In terms of getting off oil, we are making a step in that direction and we have probably more of that in the pipeline.
Under ICIP with the federal government there is a tremendous commitment to zero-emission vehicles. I think in 2023, which is creeping up pretty quickly, they have expressed a desire that they want to purchase and assist with the purchase of 5,000 buses, both school and transit, starting right away. They have funded the urban transit process very significantly in their budget, particularly through the Green stream, as we call it.
From our perspective, if you look at the transit system that you mentioned here, there are really only three well-articulated transit systems in the province. They are municipally driven, so the municipalities that these systems exist in are the ones that make the decisions about how they see their evolution and access the Green stream funds to change from fossil fuels to electricity.
We encourage that but we don’t have the decision-making process there. For instance, in your situation it’s up to Halifax Transit to decide what it is they want to do. I think I recall that was a prominent municipal councillor just introduced in the gallery, so I’d suggest that maybe you have a conversation with him.
SUSAN LEBLANC: Thank you very much for that answer. I want to turn our attention now to school capital for a few minutes. When the government eliminated democratically elected school boards, they also eliminated public input in the school site selection process. The siting of a school used to be governed by a board-level site selection committee that included SAC members, school board members, the African Nova Scotian representative, the Mi’kmaw representative, and members of the municipal council. The revised Education Act regulations that came into effect April 1, 2018, eliminated any requirement for community involvement in consultation. The site selection process is now entirely an internal government process.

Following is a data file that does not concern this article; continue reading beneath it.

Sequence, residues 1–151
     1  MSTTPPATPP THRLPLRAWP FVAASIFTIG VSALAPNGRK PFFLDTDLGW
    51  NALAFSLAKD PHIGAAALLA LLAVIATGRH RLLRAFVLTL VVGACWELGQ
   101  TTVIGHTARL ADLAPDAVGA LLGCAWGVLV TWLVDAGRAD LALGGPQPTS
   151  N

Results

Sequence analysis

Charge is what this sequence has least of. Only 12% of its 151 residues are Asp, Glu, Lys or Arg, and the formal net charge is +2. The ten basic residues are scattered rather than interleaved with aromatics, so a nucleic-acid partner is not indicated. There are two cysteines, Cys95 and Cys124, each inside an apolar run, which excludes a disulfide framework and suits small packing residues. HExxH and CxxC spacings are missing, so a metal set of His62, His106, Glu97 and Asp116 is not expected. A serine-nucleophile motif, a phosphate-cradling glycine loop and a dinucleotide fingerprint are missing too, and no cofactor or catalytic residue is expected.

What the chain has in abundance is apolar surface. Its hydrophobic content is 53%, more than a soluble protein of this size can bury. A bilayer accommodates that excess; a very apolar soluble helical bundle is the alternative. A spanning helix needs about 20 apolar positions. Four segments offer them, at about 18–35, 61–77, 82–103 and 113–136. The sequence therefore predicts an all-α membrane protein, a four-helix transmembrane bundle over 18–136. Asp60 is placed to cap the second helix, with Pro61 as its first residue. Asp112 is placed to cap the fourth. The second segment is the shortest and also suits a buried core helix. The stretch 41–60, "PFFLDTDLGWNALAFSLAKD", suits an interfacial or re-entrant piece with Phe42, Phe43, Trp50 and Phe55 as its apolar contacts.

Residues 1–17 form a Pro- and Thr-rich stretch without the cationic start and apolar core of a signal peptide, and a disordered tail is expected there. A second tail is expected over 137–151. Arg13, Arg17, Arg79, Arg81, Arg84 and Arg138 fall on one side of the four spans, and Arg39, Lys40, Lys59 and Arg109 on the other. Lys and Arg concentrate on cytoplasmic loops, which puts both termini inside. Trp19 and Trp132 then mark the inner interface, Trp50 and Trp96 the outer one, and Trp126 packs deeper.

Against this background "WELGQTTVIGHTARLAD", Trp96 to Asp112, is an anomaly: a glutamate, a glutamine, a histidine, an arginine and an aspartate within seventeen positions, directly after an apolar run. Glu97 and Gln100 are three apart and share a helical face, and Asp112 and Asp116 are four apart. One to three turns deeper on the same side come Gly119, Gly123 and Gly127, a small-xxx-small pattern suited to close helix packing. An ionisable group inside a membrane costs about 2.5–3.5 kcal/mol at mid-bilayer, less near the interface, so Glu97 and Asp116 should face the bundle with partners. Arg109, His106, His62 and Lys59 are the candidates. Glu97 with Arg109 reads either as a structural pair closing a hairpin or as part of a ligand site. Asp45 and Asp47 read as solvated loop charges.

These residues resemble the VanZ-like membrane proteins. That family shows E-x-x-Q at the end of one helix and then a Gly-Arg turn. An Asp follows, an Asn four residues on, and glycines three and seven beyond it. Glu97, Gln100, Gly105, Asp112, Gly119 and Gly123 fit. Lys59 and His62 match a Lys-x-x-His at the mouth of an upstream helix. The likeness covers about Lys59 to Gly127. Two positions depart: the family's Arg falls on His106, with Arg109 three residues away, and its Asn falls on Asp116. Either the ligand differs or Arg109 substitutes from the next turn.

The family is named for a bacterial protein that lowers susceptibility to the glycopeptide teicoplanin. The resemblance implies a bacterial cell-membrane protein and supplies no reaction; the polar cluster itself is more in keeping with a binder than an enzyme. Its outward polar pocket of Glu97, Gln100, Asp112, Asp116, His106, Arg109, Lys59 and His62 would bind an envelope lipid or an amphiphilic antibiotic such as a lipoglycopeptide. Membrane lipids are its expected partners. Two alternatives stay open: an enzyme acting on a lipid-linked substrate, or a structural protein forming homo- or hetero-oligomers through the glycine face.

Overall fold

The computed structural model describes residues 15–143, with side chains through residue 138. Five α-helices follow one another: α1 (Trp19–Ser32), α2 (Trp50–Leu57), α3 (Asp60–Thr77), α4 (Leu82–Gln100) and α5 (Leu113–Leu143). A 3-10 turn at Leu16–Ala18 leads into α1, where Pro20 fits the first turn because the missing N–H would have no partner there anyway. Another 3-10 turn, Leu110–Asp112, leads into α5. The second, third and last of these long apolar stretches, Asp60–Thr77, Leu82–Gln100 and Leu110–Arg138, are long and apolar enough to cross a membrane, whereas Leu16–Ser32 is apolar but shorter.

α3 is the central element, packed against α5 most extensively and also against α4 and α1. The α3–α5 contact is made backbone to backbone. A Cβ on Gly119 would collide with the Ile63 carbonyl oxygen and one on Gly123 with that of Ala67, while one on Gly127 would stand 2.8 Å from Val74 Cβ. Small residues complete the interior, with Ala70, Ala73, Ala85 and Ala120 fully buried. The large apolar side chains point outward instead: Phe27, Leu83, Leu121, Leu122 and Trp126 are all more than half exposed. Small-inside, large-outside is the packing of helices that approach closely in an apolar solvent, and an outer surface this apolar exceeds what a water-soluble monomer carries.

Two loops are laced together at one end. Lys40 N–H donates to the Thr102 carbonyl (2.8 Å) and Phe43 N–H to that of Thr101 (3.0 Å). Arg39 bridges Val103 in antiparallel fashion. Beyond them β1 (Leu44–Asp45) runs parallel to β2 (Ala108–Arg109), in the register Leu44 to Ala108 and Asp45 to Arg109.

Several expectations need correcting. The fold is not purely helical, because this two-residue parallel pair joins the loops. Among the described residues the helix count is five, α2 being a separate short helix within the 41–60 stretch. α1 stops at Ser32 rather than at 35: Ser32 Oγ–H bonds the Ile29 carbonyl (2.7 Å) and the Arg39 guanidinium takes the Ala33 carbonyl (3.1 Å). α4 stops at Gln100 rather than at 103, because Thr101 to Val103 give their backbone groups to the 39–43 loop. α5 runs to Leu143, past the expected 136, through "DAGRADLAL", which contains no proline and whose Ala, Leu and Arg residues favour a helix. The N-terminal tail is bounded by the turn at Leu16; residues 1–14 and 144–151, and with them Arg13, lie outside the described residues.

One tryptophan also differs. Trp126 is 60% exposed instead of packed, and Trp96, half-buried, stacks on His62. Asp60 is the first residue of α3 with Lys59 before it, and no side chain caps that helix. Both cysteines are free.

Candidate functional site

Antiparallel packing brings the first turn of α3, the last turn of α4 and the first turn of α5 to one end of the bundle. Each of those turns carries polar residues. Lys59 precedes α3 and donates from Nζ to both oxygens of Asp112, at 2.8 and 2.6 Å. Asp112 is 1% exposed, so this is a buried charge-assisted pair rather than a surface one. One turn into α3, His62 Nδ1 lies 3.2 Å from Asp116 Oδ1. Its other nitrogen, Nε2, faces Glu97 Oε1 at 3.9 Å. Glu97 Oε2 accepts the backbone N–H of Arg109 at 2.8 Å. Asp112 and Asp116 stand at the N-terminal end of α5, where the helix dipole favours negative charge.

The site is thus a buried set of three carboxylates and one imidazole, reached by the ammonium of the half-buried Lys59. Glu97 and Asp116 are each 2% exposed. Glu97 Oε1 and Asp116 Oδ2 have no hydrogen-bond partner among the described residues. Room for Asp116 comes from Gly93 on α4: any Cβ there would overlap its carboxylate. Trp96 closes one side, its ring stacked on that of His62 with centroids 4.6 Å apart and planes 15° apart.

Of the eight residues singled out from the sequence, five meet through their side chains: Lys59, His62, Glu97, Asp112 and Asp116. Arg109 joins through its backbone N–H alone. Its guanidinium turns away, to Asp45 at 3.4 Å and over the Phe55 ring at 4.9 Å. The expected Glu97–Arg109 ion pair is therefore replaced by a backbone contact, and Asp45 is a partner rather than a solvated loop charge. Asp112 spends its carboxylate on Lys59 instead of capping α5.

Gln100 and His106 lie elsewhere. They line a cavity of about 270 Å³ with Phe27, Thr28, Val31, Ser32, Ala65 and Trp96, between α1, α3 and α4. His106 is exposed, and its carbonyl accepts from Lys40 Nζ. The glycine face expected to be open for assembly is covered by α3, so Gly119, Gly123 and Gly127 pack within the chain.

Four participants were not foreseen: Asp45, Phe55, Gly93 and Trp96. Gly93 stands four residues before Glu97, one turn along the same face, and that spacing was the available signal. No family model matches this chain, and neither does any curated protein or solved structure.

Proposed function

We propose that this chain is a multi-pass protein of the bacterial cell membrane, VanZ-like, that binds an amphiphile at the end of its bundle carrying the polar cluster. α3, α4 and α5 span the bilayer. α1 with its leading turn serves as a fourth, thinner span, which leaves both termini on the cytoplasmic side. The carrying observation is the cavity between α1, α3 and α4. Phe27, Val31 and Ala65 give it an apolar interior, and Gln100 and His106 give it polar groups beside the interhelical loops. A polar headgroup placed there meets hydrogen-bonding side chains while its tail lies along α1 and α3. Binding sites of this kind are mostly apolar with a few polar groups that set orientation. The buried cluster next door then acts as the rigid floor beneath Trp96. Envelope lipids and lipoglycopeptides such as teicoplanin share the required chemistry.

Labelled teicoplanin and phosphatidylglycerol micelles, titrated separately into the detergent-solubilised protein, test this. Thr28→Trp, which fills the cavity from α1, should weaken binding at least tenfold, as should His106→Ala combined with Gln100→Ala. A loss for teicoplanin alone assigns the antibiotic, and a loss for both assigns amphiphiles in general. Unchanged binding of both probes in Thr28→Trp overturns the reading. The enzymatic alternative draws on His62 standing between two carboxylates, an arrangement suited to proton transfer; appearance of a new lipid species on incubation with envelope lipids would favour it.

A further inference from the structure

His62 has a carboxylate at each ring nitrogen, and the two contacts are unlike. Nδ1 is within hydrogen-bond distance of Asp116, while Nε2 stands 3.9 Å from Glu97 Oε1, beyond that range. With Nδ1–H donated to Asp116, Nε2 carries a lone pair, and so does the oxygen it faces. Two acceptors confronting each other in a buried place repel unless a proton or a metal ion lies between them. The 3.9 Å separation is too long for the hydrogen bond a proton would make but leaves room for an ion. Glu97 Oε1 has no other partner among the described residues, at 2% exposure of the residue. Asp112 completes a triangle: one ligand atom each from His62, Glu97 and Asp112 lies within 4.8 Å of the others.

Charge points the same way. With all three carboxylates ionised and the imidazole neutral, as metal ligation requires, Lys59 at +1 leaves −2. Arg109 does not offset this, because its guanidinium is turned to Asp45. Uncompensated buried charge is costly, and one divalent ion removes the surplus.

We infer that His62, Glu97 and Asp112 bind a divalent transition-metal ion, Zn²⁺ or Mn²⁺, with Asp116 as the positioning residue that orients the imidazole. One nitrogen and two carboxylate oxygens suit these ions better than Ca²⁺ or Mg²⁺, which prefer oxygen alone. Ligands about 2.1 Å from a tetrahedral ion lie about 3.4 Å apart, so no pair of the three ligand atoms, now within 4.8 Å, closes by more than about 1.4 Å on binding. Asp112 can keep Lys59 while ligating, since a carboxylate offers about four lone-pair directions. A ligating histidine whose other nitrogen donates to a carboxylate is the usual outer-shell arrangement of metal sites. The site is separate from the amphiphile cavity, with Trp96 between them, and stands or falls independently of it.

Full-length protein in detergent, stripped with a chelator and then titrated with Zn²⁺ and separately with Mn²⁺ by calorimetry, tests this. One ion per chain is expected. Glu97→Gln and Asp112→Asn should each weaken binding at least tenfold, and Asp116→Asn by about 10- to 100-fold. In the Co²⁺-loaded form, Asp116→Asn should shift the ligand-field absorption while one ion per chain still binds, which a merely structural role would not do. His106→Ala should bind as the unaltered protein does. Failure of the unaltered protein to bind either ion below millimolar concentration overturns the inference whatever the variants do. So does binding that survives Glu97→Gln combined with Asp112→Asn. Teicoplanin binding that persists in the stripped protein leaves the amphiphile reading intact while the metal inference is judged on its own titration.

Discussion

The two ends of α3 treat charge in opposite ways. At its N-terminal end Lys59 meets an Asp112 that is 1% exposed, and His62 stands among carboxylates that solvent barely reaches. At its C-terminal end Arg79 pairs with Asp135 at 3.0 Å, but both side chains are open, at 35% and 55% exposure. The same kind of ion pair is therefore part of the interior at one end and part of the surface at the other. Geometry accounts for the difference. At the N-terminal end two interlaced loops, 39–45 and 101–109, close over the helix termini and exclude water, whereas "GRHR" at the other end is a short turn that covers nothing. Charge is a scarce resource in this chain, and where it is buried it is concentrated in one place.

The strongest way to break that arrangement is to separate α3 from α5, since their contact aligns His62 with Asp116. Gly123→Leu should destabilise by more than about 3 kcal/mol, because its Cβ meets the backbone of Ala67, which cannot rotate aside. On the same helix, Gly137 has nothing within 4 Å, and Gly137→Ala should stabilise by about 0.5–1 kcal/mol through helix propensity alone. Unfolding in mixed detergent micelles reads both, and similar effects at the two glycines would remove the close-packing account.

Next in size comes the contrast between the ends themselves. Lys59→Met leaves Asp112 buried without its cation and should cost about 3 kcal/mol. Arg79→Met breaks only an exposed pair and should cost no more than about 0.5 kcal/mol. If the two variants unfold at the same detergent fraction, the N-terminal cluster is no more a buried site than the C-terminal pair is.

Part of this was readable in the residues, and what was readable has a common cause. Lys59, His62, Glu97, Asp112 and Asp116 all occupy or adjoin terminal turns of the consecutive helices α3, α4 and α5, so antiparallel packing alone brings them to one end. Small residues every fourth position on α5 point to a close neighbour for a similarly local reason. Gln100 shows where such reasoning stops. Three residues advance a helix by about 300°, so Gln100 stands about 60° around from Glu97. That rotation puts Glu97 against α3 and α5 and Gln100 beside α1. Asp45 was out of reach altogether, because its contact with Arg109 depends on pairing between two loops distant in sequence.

In response to a freedom of information request, we have learned that as recently as last year the Department of Transportation and Infrastructure Renewal was using a manual for school site selection that was last updated in 1999. The correspondence in the FOI reveals a general state of confusion about how to proceed with new school builds.
I am wondering if the minister can explain if there is now an updated manual for school site selection to guide the work of the department. If there is, is it possible for it to be provided?
LLOYD HINES: Thank you, Madam Chair, and I thank the member for the question. I’m going to go down a bit of a narrow road here, because for the most part, your inquiry would be better directed at the Department of Education and Early Childhood Developmen. They control the site selection process.